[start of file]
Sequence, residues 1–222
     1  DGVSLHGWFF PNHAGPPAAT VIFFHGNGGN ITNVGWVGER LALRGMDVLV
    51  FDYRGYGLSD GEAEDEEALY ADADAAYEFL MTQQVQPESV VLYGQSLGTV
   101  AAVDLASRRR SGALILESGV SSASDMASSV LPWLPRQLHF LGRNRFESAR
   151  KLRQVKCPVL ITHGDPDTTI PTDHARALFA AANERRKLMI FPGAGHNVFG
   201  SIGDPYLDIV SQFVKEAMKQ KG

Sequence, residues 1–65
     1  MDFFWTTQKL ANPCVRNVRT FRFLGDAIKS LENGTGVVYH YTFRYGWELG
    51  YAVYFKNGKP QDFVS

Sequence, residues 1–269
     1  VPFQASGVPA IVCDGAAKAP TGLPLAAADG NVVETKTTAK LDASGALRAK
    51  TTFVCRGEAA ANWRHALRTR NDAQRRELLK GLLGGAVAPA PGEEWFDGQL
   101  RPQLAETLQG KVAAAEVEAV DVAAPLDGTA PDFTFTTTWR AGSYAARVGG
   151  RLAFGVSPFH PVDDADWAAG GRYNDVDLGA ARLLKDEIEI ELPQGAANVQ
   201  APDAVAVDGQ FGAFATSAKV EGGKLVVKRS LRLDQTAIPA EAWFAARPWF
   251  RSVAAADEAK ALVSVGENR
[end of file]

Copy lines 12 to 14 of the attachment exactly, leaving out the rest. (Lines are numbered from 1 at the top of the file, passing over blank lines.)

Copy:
    51  TTFVCRGEAA ANWRHALRTR NDAQRRELLK GLLGGAVAPA PGEEWFDGQL
   101  RPQLAETLQG KVAAAEVEAV DVAAPLDGTA PDFTFTTTWR AGSYAARVGG
   151  RLAFGVSPFH PVDDADWAAG GRYNDVDLGA ARLLKDEIEI ELPQGAANVQ